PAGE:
Identification Guides

Furniture Identification Guide

New furniture forms usually appear when a society needs them. The telephone stand was a twentieth-century idea. It wasn’t made until after the phone was a common household item. In the eighteenth century, twin beds, card tables, and upholstered easy chairs were new ideas. Understanding antique furniture requires good sense, as well as an innate sense of suspicion, because old furniture often is refinished, restored, copied, or embellished.

There is country-style furniture, and there is formal furniture. There is furniture from Spain, England, France, Canada, Pennsylvania—in fact, from anywhere and everywhere. This guide concentrates on the American, Canadian, and English pieces that might have been used in the United States. A picture is worth a thousand words. Follow the pictures, and date and determine the style of furniture. To decide if it is really as old as it appears, read the Furniture Construction chapter and learn about nails, dovetailing, and hardware styles.

Furniture designing is much like dress designing: If the hem is low, the next style tends to make it higher; and after short skirts have been in vogue for some time, designers drop the length again. If furniture has been light in weight with straight legs for twenty-five years, then make the legs heavier, curve them, and use dark colors. If massive designs have been the style, then develop simple, lightweight chairs. Furniture design has gone from heavy to light to heavy to light, both in color and weight, since 1600.

Outside influences sometimes vary this pattern. Napoleon’s conquest of Egypt in 1798 led to a strong Egyptian influence on French Empire pieces (1804-1815). Sphinx heads, stylized lotus-leaf trim, and other ancient shapes were used. An exhibit of Egyptian relics inspired American designers in Victorian times. Although bamboo and other Asian features were already found in eighteenth-century furniture, it was the 1876 Centennial Exposition in Philadelphia that inspired another strong Japanese influence on furniture design. It was part of the inspiration for all Art Nouveau design. New methods and materials have enabled designers to construct furniture in different ways. For example, coiled spring upholstery was patented in 1828 and the bentwood chairs of Thonet were developed in the middle of the nineteenth century.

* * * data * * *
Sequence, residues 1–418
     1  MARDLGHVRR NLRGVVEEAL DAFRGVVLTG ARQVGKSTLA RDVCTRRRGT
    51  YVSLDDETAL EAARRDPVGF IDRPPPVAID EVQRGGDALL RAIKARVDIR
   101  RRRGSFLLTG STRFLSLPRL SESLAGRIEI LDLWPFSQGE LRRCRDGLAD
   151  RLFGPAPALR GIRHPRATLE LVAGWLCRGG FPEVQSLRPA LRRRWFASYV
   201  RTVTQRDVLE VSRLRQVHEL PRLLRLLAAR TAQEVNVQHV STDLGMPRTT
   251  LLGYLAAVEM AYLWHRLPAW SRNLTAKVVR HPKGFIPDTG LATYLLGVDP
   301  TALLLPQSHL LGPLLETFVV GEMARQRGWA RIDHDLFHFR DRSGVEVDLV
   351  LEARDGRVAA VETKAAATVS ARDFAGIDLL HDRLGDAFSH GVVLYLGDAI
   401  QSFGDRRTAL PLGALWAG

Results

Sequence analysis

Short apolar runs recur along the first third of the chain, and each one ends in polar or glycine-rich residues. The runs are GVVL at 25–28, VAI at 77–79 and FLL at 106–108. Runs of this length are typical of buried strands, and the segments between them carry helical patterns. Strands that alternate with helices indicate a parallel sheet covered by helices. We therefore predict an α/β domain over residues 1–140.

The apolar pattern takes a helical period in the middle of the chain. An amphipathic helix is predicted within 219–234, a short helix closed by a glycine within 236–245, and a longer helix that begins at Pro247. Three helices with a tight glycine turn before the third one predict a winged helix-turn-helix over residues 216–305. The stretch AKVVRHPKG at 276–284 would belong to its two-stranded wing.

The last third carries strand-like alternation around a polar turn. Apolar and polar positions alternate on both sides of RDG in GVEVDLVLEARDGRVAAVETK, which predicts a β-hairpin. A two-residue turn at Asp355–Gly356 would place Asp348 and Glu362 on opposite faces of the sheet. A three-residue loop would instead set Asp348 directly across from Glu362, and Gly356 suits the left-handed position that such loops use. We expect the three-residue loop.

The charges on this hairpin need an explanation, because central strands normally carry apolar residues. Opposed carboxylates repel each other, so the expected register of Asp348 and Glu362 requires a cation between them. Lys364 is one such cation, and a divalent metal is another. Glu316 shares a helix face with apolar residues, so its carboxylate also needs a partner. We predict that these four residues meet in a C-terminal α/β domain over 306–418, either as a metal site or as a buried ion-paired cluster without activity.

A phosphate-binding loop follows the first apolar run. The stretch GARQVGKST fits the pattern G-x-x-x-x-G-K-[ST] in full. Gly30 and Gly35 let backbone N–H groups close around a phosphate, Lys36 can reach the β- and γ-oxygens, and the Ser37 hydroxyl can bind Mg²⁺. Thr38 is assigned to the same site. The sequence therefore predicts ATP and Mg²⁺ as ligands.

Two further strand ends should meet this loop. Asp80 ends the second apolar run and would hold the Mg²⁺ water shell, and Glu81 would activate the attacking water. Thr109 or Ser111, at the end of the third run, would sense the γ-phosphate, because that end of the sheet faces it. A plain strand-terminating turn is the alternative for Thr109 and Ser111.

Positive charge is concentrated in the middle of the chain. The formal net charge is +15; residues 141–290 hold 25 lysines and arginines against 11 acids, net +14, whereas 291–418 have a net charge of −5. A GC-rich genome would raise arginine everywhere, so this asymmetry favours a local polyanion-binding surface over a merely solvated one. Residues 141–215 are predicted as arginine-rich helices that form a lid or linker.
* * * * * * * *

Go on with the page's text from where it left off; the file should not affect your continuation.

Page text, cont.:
The well-to-do home of the 1890s was filled with ornate, carved Victorian furniture, printed wallpaper, patterned rugs, bric-a-brac, and heavy draperies with tassel trim. Pictures covered much of the wall space. This was an era of excess and dark colors. In the early twentieth century, not only were new styles created but some old styles were redesigned slightly and came back into fashion. The very wealthy continued to travel to Europe to buy paintings, decorative arts, and furniture to use back home. At the same time, the middle-class American home was filled with furniture and accessories influenced by famous European designs.

Photo: New Orleans Auction Galleries Photo: Conestoga Photo: Conestoga
Painted decorations were used on furniture in most countries. This Italian rococo secretary-chest has painted flowers, landcscapes, and scrolls with added gilt highlights. A formal table might look like this 1815 rosewood pier table with columns, a low mirror, and gilt bronze trim. A country table made at the same time might look like this tiger maple drop-leaf table with cherry legs and no trim.
Photo: Fontaine's Photo: Sotheby's  
At the end of the nineteenth century, designers used a bit of every style. This oak Savonarola chair has a Northwind carving and lion paw feet. It was made about 1890. S. Karpen & Brothers furniture was heavy with dark woods and massive carvings, the American version of art nouveau. This sofa was made about 1900.  

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